Greece Rocked by a Surrogacy Scandal
Greece has been rocked by a surrogacy scandal, with eight staff members at Crete’s Mediterranean Fertility Institute being arrested and charged with human trafficking, illegal adoption, purchase and sale of genetic material, falsification of medical file data for the purpose of selling genetic material, forgery, false medical certificates, fictitious marriages and fraud.
The clinic has been closed by police. Children who have been born from the clinic are under police guard, and eggs, sperm and embryos are now under the control of Greek authorities.
The head of Greek’s National Organisation on Reproductive Medicine, Professor Nikolaos Vrachnis has been dismissed in wake of the scandal.
Australian intended parents are caught up in this. I am told that some Australian parents are concerned that their children in Australian are not theirs. They should consider the implications before undertaking a DNA test, and consider talking to a fertility counsellor first. The children are the most vulnerable, and the most deserving of protection- because they are children.
I am also told that Australian parents are in Crete- and unable to be with their children. Other Australian intended parents have discovered that their paperwork which proves that they are parents has disappeared into the void- either of the clinic, or police actions following the raid. Yet more Australian intended parents are left wondering when or if they can access their genetic material.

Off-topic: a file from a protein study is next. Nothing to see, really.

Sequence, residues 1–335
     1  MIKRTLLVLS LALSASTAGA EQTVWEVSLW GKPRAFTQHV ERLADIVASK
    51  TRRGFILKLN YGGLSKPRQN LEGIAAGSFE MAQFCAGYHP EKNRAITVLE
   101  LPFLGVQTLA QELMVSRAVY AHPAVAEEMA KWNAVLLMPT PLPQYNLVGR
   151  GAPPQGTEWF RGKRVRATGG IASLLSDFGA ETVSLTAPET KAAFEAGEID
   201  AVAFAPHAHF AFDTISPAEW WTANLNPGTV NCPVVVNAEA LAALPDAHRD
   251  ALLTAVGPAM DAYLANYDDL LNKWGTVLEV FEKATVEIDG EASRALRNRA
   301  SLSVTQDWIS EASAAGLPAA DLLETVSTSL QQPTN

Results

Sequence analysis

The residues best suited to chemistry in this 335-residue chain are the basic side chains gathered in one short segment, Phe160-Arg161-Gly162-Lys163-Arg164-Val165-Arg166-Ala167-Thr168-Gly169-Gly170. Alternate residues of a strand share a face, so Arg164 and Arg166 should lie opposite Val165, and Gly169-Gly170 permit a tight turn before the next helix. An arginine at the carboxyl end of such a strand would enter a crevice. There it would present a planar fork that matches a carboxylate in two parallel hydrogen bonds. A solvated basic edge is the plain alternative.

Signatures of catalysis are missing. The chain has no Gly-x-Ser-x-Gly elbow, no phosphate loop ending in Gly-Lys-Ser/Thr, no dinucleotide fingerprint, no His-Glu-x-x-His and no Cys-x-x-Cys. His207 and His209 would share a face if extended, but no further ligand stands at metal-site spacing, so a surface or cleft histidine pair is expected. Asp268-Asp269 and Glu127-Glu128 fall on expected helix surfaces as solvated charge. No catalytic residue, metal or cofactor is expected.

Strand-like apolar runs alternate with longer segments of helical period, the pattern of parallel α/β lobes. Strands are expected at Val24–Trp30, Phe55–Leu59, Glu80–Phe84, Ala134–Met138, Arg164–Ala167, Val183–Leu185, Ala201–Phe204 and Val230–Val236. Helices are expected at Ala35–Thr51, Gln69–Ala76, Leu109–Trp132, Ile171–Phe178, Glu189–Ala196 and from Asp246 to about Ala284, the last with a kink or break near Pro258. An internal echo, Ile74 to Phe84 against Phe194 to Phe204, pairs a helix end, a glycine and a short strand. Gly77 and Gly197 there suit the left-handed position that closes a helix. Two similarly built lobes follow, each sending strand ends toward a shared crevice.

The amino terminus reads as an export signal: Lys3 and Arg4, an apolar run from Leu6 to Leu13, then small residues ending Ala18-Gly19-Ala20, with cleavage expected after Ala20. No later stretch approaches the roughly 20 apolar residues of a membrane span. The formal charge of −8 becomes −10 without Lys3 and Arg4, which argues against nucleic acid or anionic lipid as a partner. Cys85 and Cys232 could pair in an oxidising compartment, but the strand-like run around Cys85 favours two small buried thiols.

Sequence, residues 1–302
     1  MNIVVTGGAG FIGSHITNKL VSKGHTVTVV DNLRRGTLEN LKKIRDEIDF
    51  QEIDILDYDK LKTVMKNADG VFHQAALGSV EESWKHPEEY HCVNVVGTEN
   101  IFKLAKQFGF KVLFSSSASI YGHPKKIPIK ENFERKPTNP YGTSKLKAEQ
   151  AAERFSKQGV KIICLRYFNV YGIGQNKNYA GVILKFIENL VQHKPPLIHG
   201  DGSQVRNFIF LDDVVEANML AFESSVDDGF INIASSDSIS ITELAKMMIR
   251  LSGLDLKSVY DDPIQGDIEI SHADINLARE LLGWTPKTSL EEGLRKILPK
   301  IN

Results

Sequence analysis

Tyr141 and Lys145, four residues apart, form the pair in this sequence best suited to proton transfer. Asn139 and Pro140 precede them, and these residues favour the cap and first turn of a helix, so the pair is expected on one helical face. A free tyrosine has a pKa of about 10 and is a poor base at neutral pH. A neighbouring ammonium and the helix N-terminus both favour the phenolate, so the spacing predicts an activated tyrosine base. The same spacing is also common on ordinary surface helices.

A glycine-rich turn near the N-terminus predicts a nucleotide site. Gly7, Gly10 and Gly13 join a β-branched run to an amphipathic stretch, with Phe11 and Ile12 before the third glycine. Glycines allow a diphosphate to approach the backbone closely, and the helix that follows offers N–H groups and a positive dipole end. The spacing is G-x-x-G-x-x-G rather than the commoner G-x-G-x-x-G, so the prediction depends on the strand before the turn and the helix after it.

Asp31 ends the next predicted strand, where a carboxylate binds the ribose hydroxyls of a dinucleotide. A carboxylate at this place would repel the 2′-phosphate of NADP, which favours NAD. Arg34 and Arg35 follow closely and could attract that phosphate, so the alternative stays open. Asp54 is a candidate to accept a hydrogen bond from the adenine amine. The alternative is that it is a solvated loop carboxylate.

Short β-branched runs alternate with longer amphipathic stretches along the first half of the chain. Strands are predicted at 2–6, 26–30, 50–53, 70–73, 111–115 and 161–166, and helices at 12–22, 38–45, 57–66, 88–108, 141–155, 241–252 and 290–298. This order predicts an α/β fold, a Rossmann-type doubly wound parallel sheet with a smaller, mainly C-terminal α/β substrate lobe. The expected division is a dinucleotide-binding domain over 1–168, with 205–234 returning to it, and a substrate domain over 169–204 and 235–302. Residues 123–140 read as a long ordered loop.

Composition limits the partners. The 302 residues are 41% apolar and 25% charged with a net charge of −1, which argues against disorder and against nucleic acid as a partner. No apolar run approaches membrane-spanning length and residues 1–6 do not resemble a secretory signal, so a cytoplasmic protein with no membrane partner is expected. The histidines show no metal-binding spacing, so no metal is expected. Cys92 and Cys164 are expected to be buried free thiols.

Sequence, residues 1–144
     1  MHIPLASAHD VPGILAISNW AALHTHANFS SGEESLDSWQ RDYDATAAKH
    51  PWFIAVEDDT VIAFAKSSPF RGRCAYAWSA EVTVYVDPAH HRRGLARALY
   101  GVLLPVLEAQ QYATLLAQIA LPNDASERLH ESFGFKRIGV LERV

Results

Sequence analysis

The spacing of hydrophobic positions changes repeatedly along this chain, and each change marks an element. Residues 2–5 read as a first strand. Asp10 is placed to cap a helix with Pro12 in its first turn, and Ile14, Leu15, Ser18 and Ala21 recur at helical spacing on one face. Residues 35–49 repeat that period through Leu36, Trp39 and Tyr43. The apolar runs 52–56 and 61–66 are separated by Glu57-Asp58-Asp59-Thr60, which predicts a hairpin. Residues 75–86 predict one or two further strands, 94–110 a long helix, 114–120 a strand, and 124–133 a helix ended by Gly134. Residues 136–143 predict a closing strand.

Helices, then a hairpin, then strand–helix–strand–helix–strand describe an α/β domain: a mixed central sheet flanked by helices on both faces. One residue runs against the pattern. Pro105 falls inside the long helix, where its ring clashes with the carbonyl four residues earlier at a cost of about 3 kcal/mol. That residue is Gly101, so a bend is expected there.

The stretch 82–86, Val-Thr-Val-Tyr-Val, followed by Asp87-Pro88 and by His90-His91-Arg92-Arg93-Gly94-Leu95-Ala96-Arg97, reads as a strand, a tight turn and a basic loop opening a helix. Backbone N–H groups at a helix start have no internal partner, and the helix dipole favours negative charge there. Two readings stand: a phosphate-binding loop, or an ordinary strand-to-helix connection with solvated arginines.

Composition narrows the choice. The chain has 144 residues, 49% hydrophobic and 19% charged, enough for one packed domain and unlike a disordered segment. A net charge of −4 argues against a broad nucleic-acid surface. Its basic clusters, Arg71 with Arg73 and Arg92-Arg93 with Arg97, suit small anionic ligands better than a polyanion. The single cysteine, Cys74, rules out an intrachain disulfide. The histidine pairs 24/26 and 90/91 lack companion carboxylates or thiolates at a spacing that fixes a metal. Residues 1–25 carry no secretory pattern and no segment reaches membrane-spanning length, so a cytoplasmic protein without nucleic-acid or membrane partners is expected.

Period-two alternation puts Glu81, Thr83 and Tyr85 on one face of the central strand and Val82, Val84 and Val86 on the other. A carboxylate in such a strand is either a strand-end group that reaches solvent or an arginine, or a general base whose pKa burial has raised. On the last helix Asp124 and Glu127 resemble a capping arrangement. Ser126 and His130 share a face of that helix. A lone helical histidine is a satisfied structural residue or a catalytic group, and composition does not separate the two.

Greek authorities should be mindful of the collateral damage to the surrogates, parents and children, and put in place supports for them. The surrogates, parents and children are the innocents. Many intended parents have already faced trauma through their infertility- and looked to surrogacy as the golden future, only to learn in horror that their dreams have been shattered and their money spent for nothing. The more urgent support that they get from Greek and Australian authorities, including the Department of Foreign Affairs and Trade, the better.
Stephen Page is a dad through an Australian surrogacy journey. Since 1988, he has advised in over 1900 surrogacy journeys for clients throughout Australia and 30+ countries overseas. He is the 2023 Queensland Law Society President’s Medal recipient.
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